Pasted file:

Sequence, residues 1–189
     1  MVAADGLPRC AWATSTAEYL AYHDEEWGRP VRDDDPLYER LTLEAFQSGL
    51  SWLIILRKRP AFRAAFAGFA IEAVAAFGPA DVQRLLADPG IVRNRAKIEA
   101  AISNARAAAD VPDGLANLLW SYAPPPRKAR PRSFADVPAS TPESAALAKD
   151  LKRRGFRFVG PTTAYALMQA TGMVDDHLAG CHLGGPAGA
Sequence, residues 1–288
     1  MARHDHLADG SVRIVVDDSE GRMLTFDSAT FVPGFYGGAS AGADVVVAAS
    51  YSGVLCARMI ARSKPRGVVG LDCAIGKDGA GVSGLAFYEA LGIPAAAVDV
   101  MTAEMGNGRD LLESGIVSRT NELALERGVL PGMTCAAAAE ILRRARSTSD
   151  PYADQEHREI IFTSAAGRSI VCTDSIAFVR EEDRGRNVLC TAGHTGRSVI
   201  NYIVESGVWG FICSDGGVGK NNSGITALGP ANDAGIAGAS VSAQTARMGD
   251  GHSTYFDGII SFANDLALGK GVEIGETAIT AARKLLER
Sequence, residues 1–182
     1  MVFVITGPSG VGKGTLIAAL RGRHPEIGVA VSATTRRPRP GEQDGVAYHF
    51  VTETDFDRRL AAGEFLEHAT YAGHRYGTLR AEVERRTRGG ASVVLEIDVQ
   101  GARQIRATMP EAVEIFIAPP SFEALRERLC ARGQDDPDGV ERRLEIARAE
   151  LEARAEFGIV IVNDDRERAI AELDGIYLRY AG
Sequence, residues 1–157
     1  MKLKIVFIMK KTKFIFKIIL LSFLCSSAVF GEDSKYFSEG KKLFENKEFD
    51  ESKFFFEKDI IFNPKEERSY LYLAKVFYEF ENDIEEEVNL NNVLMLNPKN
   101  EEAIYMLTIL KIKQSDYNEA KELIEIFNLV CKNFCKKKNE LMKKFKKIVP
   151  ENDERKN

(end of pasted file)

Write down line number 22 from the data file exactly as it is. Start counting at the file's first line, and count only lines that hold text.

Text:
   151  ENDERKN